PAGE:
M/TH3 (12:35-1:55) FS-109 C/D

Professor: Yanoula Athanassakis

This course introduces you to both practical and theoretical approaches to environmental justice. We will look at 20th and 21stc. representations of production and consumption as connected to gender and human rights. How are the intimate spaces of women's bodies related to notions of American imperialism, ecological violence, and natural disasters like Hurricanes Sandy and Katrina? What are the politics involved in cycles of consumption and production, and what is actually being consumed? To address these issues we will examine visual and written texts of our times and investigate modes of consumption (of land, peoples, toxins, and capital). The last section of the course treats local issues of environmental degradation and gendered toxicity -- such readings will give us a chance to examine the global and local impact of our own everyday choices. Assignments will include in-class writing, two papers, and an exam.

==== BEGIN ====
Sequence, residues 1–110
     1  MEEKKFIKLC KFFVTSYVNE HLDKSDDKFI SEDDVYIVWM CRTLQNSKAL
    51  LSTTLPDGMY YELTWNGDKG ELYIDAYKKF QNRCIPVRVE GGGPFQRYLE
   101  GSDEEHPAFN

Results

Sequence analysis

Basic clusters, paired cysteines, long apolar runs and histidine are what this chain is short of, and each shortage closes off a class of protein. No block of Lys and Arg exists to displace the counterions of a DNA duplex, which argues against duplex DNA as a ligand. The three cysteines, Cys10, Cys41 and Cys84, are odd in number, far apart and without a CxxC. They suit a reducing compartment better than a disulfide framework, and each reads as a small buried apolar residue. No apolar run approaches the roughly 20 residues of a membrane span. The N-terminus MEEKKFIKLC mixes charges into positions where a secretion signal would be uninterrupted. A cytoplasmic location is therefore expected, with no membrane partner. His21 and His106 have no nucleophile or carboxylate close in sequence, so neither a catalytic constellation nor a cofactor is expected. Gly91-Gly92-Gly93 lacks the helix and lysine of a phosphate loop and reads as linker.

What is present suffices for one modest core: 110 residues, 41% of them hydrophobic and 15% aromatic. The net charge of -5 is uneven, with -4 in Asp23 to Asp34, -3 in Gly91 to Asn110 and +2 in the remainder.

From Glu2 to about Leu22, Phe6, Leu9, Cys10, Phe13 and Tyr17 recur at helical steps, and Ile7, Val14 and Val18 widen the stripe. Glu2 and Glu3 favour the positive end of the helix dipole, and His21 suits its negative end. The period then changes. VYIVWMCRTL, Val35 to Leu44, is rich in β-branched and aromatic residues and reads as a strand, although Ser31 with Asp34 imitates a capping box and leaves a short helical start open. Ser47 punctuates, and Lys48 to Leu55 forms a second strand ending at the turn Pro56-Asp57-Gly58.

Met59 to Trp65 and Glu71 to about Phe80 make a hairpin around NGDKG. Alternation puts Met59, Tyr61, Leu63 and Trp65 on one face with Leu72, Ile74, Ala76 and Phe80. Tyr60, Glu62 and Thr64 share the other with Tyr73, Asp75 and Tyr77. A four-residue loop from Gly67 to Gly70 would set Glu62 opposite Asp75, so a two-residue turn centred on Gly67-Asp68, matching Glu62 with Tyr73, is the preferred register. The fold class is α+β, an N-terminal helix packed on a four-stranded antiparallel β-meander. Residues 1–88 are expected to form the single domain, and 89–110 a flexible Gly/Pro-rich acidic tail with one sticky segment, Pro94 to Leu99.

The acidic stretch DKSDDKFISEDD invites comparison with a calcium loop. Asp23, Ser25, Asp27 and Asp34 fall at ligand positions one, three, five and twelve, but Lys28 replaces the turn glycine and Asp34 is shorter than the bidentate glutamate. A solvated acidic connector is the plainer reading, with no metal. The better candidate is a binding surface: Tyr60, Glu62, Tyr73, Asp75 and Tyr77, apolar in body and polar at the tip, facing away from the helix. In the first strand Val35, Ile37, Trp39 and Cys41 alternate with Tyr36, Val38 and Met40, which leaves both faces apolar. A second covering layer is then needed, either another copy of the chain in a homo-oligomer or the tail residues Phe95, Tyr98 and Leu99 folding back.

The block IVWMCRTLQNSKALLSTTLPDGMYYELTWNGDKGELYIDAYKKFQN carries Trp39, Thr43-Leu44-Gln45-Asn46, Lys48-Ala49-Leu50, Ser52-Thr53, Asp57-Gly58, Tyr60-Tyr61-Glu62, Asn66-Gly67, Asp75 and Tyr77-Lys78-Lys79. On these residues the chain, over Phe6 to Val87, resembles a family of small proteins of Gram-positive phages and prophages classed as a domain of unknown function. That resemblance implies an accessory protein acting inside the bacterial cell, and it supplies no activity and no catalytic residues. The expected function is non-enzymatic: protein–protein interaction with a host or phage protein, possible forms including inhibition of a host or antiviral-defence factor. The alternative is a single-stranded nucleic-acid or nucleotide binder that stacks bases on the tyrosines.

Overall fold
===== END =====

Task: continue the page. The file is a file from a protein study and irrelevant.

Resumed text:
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WGS Statement on Academia and Free Speech Rights

It is inherent to the discipline of Women's Studies to deal with complex subjects through theoretical lenses, which question conventional knowledge production. This department, one of the most distinguished departments of WGS in the country, has a highly visible faculty of national and international reputation invited to speak in various fora on sometimes highly controversial subjects. Such faculty members, as scholars, have not only a right, but also an obligation to produce and disseminate knowledge within and beyond the academy. Moreover, as private citizens, our faculty continue to enjoy the same freedoms of speech and expression as any private citizen and in accordance with university policy the department supports their protection from institutional discipline in the exercise of these academic and free speech rights.